You can talk about gradations of harm—what Franken is accused of still pales next to child predation—but even that is a trap. The point is, as Jennifer Rubin notes Tuesday, that “one party has adopted a zero-tolerance position (with Sen. Al Franken, Democrat of Minnesota, set to go before the ethics committee) and another party opens its arms to people it believes are miscreants.” Rubin feels confident that becoming the party of alleged sexual abusers will harm the GOP in upcoming elections (did she live through last November?). My own larger concern is that becoming the party of high morality will allow Democrats to live with themselves but that the party is also self-neutering in the face of unprecedented threats, in part to do the right thing and in part to take ammunition away from the right—a maneuver that never seems to work out these days. When Al Franken, who has been a champion for women’s rights in his tenure in the Senate, leaves, what rushes in to fill the space may well be a true feminist. But it may also be another Roy Moore. And there is something deeply naïve, in a game of asymmetrical warfare, and in a moment of unparalleled public misogyny, in assuming that the feminist gets the seat before it happens.

This isn’t a call to become tolerant of awful behavior. It is a call for understanding that Democrats honored the blue slip, and Republicans didn’t. Democrats had hearings over the Affordable Care Act; Republicans had none over the tax bill. Democrats decry predators in the media; Republicans give them their own networks. And what do Democrats have to show for it? There is something almost eerily self-regarding in the notion that the only thing that matters is what Democrats do, without considering what the systemic consequences are for everyone.

We are at a moment in this country in which entire institutions that existed to protect women—from the courts, to our criminal statutes, to our workplace protections—have proved not only incapable of protecting us but also to be tools used to shame and silence us. The question we now face is really about which institutions need to be blown apart altogether and recreated to promote justice, and which institutions do not or cannot. The Senate, I would submit, is not about to be blown up and created anew, with greater institutional solicitude for women. Not now. And that means that when it comes to the Senate, we play by the institutional rules and norms as they exist, even as those rules and norms devolve into empty shells. The alternative is a game of righteous ball, in which the object is pride and purity, and Dems are the only ones playing.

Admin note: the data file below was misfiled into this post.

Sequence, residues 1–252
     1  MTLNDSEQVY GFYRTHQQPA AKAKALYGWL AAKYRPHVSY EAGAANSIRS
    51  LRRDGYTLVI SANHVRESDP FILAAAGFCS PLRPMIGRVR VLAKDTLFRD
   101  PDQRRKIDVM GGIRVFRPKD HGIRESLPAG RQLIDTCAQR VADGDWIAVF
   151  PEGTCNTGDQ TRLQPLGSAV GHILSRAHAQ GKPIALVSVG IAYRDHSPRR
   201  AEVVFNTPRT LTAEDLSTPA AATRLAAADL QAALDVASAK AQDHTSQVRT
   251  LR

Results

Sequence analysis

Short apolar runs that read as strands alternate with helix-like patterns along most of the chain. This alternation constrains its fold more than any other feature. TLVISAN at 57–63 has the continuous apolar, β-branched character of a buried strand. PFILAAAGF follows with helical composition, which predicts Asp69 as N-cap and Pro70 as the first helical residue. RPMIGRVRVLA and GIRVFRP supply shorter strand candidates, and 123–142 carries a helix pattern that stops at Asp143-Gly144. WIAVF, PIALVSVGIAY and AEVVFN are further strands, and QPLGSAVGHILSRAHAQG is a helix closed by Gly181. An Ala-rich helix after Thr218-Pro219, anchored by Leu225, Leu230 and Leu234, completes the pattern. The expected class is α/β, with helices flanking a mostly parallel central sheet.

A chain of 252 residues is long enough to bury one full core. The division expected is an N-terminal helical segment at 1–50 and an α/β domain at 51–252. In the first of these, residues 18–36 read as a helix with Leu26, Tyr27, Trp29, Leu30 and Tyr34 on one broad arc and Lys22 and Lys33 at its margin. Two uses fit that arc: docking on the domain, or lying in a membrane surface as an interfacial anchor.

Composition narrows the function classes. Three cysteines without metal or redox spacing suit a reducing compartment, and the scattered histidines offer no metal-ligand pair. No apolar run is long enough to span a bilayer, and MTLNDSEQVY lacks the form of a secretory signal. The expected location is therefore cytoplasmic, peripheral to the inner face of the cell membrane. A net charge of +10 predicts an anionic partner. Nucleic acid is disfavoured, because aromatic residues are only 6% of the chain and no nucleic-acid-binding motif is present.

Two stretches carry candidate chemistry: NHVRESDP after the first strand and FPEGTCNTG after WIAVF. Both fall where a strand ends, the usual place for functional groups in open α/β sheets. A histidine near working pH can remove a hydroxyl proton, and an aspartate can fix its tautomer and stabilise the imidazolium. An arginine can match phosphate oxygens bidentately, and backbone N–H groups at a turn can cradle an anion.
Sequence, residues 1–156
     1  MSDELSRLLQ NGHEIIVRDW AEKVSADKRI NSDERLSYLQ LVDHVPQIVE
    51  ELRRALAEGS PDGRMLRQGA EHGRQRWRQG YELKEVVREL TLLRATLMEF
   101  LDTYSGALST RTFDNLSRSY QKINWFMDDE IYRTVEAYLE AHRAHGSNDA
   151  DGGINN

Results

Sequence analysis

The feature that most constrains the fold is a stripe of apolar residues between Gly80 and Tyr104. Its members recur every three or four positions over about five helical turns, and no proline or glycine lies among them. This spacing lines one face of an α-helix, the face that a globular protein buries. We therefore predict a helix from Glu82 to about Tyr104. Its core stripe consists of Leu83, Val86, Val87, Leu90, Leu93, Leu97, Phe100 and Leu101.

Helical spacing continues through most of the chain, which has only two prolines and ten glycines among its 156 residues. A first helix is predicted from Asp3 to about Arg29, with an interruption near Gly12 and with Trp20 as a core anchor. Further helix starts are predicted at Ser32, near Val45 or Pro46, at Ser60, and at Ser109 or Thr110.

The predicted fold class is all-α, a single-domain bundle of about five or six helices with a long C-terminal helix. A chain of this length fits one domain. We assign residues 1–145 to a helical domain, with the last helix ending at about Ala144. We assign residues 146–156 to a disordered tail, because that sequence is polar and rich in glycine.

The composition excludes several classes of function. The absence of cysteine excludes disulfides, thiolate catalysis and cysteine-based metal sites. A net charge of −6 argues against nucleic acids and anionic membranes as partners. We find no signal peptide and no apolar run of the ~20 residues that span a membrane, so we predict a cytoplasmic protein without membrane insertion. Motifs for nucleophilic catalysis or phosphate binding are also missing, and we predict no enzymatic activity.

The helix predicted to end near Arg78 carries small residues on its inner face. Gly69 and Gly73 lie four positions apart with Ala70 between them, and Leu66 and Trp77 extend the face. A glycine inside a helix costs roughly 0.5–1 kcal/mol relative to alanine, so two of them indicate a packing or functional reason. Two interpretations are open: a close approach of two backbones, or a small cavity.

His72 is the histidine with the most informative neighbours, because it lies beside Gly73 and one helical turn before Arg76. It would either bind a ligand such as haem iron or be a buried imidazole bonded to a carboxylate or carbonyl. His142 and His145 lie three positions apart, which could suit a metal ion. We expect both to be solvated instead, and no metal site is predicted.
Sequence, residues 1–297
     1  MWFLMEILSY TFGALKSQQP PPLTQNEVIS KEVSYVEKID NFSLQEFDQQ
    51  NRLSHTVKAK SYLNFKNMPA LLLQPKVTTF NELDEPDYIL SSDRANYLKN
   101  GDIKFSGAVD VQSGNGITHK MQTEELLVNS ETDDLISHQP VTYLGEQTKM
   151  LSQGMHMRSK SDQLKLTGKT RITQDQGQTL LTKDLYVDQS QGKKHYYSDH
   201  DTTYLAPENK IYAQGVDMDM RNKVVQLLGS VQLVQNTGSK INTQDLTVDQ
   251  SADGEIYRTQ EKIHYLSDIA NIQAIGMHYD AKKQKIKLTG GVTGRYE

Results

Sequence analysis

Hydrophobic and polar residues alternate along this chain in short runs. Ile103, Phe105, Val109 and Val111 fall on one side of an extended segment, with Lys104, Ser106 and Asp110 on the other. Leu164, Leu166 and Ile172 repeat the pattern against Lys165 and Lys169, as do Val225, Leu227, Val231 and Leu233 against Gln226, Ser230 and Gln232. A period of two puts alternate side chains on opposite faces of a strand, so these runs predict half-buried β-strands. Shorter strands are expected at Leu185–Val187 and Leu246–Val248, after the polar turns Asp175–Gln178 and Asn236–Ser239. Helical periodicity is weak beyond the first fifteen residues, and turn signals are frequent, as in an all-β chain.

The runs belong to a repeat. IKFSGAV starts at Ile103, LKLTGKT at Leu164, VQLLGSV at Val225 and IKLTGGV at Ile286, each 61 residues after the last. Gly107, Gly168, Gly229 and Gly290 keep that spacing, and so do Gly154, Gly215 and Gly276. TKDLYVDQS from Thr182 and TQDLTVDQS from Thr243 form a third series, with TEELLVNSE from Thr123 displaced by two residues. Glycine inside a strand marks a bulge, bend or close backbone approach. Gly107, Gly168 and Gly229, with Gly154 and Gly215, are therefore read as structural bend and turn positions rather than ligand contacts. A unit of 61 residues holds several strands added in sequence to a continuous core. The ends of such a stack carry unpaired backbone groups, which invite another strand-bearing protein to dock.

In the event that you doubt that the war is asymmetric, ask yourself how long it took for the same GOP that was disavowing Moore a month ago to embrace him, and to embrace him again in the face of new evidence. Ask how long it took from when Trump made it clear that he would wage war on Robert Mueller for Hugh Hewitt—purporting to speak on behalf of “a large swath of responsible center-right observers”—to call for an investigation into Mueller. This because a former FBI official sent pro-Hillary texts that now raise, according to Hewitt, “the possibility of shattering public confidence in a number of long-held assumptions about the criminal-justice system generally and the FBI and the Justice Department specifically.” The president just claimed the FBI is “in tatters,” but it’s the former official, who Mueller pulled off the investigation for the texts, who shatters confidence in the agency?

Who knows why the GOP has lost its last ethical moorings? But this is a perfectly transactional moment in governance, and what we get in exchange for being good and moral right now is nothing. I’m not saying we should hit pause on #MeToo, or direct any less fury at sexual predators in their every manifestation. But we should understand that while we know that our good faith and reasonableness are virtues, we currently live in a world where it’s also a handicap.

Unilateral disarmament is tantamount to arming the other side. That may be a trade worth making in some cases. But it’s worth at least acknowledging that this is the current calculus. It’s no longer that when they go low, we get to go high. They are  permanently living underground. How long can we afford to keep living in the clouds?